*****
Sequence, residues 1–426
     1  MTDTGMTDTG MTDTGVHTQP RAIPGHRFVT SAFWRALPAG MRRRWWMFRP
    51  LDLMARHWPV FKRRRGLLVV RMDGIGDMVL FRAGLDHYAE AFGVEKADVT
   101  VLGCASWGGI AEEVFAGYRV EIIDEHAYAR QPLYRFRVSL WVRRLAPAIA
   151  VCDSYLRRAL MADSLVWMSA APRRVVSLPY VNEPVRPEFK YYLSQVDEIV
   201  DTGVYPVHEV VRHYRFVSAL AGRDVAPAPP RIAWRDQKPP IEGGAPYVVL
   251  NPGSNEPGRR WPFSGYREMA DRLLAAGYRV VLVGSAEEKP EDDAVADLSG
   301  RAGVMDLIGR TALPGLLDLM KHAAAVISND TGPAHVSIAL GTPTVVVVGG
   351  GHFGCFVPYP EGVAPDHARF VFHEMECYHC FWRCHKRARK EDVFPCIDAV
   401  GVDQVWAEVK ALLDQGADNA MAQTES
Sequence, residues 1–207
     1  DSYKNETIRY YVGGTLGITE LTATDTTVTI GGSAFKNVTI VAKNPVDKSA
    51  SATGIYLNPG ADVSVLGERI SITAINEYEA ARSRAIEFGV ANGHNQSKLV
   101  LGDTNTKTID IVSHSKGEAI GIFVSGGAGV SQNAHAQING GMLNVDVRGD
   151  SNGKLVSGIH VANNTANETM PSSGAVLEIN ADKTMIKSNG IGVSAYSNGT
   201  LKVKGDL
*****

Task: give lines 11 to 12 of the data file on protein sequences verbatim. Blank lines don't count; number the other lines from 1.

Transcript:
Sequence, residues 1–207
     1  DSYKNETIRY YVGGTLGITE LTATDTTVTI GGSAFKNVTI VAKNPVDKSA